A recent survey commissioned by the Israel Movement for Reform and Progressive Judaism claimed that one in three Israelis “especially identify” with that movement. This astounding finding perplexed many observers, as – according to that same survey – only half as many Israelis had so much as visited a Reform congregation even once during the previous five years.

With real support from Israeli Jews, Reform and Conservative leaders would have little difficulty changing the nature of Jewish prayer at the Western Wall – Knesset parties serve constituencies, and would gladly enact modifications demanded by their voters. Instead, American liberal leaders are making threats: at a meeting with Prime Minister Netanyahu, Rabbi Rick Jacobs, President of the Union for Reform Judaism (URJ), warned of a “major rift between Diaspora Jewry and the State of Israel” if their demands are not met.

The heads of the American Reform and Conservative movements believe that Jewish love for Israel comes with terms and conditions, and that they control the American Jewish heart. They are inflating their importance on both sides of the Atlantic, and placing naked self-interest ahead of the unity of the Jewish People.

To be certain, they did not attempt to convince Israeli leaders of widespread local support. There are fewer than 75 Reform and Conservative congregations in the whole of Israel, including those open only on holidays. In the aggregate, they serve less than 25,000 congregants – under 0.4% of Israel’s 6.3 million Jews. There are more Orthodox synagogues in Tel Aviv, the “secular capital” of Israel, than seats in its lone Reform congregation.

Instead, they assert that “Diaspora Jewry” shares in their demands. Even ignoring the predominance of traditional Orthodox synagogues everywhere outside North America, this is a specious claim: according to the Pew Survey of 2013, only 25% of Jews in the US are members of a Reform or Conservative congregation. They have lost the allegiance and involvement of the American Jews they claim to represent.

The majority of the less than 250,000 American Jews visiting Israel each year – and the vast majority of olim – are Orthodox. Of the remainder, the majority are on Birthright Israel or others visiting for their first time. One is left with a vanishingly small number with any interest in changing Israel’s entirely different Jewish culture.

The Pew Survey of Israeli Jews published this year noted that the American concept of Jews divided into “denominations” or “streams” is foreign to Israeli Judaism, which remains far more traditional. Responding to their impartial questionnaire, less than 5% of Israelis identified with either US liberal denomination: the overwhelming majority chose “Orthodox” or “none.” And even so-called secular (“Hiloni”) Israelis are more likely to engage in Jewish observances – such as lighting Sabbath candles, holding a Passover Seder or fasting on Yom Kippur – than adherents of American liberal movements.

This being the case, American Reform and Conservative leaders should be less concerned about Israeli Jewish practices, and more concerned about those of their own congregants. Successive surveys show sagging Jewish affiliation over time in America, while just the opposite is true in Israel.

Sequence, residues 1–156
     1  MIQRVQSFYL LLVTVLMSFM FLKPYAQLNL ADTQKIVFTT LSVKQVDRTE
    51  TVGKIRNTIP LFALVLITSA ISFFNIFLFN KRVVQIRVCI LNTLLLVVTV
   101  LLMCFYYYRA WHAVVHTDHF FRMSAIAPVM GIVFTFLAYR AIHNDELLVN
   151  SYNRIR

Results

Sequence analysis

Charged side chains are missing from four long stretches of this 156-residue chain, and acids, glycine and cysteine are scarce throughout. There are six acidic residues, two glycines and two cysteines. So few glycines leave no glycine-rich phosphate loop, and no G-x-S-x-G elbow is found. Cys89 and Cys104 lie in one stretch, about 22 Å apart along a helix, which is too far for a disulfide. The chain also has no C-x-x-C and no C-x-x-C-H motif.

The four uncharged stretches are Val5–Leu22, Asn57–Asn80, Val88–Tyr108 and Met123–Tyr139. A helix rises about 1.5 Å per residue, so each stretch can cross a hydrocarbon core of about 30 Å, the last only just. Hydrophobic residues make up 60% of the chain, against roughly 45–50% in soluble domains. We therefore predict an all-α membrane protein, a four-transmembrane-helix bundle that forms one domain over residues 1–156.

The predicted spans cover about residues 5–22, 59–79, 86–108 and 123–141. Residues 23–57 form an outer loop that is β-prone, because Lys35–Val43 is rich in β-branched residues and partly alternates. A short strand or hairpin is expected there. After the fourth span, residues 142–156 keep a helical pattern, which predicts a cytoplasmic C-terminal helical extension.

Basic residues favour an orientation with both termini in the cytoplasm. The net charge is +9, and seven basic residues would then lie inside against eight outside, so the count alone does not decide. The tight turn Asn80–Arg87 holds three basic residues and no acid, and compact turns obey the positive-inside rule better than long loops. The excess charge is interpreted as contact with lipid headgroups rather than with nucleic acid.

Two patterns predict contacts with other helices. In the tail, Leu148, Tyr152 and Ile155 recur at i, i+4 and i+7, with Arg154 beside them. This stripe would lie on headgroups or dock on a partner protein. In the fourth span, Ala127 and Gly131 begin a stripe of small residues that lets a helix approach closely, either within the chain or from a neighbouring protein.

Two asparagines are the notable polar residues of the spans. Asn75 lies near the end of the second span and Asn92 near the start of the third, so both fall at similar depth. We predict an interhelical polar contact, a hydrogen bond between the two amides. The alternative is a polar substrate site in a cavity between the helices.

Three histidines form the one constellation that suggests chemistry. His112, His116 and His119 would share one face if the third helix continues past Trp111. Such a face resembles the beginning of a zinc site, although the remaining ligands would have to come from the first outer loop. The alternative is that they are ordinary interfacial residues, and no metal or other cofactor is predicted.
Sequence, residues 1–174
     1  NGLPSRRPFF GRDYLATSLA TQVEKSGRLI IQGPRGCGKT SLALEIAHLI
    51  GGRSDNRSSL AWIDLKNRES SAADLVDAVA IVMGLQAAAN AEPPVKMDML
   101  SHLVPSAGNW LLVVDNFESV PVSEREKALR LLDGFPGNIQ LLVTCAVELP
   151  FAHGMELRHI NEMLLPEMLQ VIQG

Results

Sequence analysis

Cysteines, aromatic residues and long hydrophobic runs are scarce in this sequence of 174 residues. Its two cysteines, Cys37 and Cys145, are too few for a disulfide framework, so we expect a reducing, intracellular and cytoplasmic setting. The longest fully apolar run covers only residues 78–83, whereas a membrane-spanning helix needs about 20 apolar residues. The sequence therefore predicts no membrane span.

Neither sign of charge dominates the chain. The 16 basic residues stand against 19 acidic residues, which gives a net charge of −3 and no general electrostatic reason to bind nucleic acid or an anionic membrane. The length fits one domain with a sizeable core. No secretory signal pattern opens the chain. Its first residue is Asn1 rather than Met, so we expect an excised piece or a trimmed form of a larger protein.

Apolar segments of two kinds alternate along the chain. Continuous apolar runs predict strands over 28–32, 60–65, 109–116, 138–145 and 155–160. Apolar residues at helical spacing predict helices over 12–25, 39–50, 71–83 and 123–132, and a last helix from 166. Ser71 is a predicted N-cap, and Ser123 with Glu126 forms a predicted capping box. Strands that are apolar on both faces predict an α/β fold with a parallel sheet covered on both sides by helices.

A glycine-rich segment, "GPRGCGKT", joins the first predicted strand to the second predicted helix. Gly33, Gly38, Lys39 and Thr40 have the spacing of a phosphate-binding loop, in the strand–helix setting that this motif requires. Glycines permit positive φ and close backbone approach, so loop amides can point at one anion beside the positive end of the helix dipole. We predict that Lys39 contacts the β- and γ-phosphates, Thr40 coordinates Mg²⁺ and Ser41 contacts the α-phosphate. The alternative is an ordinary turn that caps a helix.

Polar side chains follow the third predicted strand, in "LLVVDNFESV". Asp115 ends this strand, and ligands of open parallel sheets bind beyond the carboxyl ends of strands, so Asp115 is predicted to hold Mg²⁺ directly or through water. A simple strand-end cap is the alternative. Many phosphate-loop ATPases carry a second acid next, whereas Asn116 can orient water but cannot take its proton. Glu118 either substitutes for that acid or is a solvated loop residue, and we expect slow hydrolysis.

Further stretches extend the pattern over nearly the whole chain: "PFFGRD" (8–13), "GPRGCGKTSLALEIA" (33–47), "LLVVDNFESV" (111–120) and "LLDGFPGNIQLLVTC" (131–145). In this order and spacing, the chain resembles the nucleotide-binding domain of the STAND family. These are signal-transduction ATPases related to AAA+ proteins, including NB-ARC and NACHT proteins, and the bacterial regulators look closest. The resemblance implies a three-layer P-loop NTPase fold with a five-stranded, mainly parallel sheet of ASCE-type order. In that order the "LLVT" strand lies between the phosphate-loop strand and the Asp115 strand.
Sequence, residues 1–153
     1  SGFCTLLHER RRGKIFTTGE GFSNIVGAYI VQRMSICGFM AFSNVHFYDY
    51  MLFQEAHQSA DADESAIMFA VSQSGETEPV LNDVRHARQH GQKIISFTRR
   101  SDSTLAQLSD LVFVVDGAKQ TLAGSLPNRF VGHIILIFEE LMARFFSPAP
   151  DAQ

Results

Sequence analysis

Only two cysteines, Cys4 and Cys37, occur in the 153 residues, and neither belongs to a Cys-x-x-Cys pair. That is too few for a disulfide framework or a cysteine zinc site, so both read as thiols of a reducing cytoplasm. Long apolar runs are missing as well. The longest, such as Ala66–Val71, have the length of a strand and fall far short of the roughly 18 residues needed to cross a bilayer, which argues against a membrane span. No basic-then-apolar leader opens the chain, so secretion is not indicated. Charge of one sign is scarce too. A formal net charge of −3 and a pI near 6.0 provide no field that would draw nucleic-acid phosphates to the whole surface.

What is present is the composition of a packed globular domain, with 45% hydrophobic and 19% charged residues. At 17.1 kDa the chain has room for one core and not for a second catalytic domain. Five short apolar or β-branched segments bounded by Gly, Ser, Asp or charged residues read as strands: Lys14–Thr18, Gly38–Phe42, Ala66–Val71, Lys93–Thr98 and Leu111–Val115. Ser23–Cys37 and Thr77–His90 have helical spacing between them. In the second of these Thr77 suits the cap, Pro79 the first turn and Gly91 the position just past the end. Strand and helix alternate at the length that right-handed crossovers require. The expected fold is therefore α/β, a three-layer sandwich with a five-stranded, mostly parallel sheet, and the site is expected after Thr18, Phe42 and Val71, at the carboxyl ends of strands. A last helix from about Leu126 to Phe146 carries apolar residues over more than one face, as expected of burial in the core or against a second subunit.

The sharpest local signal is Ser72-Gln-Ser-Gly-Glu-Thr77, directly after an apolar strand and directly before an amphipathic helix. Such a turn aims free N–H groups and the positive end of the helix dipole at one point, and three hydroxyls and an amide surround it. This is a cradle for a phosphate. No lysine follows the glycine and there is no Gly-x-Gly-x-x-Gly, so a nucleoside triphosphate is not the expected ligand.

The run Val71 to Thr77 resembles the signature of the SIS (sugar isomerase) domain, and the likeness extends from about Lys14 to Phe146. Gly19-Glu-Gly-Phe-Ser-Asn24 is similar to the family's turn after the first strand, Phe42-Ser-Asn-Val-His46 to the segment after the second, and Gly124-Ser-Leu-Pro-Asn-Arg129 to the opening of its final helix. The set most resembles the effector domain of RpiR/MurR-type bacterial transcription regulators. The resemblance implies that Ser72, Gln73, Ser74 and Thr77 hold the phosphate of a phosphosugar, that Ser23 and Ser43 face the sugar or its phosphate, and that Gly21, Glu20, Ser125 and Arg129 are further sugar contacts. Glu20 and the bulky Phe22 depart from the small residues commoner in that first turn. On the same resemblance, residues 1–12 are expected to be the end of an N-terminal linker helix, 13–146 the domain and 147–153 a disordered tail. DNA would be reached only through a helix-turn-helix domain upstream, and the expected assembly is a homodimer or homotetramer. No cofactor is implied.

Without focused effort by liberal leaders, the Diaspora’s troubling Jewish decline will continue to accelerate within their movements, and the Jewish future will be found only in the yet more rapid growth of Orthodoxy. The median age of those identified with liberal denominations is now 55, while that of Orthodox Americans is 40 and swiftly dropping. The intermarriage rate for non-Orthodox Jews has reached over 70% – for the Orthodox, it is stable at 2%. According to the Avi Chai Foundation, only 5% of American Jewish children receiving a full-day Jewish education attend Reform or Conservative schools.

To the extent that Jewish allegiance to Israel has become conditional rather than integral for American Jews, this is the sad consequence of that same lack of commitment. According to the Pew Survey in Israel, 68% of Israelis feel a common bond with their Jewish brethren in America, and three-fourths believe that we share a common destiny. Yet only 43% of American Jews now believe that caring about Israel is essential to being Jewish.

The American liberal movements are also openly at odds with the Israeli consensus regarding Israel’s security needs. Rabbi Jacobs also served on the Board of Directors of the pro-Palestinian J Street, and the ultra-left New Israel Fund. He was at the forefront of those who pressured Prime Minister Netanyahu to stay home, rather than address the US Congress regarding Israeli opposition to the “Iran deal.”

A growing number of supporters of the anti-Israel BDS movement on campus are young progressive Jews, in love with liberal ideals and blithely ignorant of the ugly history of anti-Semitism. Are these among the American Jews who might “rupture” with Israel over the issue of Jewish prayer?

Israel’s multifaceted Jewish community has demonstrated its commitment and success in ensuring a common Jewish future; it is inappropriate for American Reform and Conservative leaders to demand changes. They cannot presume to speak for American Jewry, and the Prime Minister should recognize that “love” contingent upon meeting demands is no love at all.

Rabbi Yaakov Menken is the Director of Project Genesis – Torah.org, and the co-Editor of Cross-Currents.com, an Orthodox on-line journal.
Rabbi Pesach Lerner is the Executive Vice President Emeritus of the National Council of Young Israel.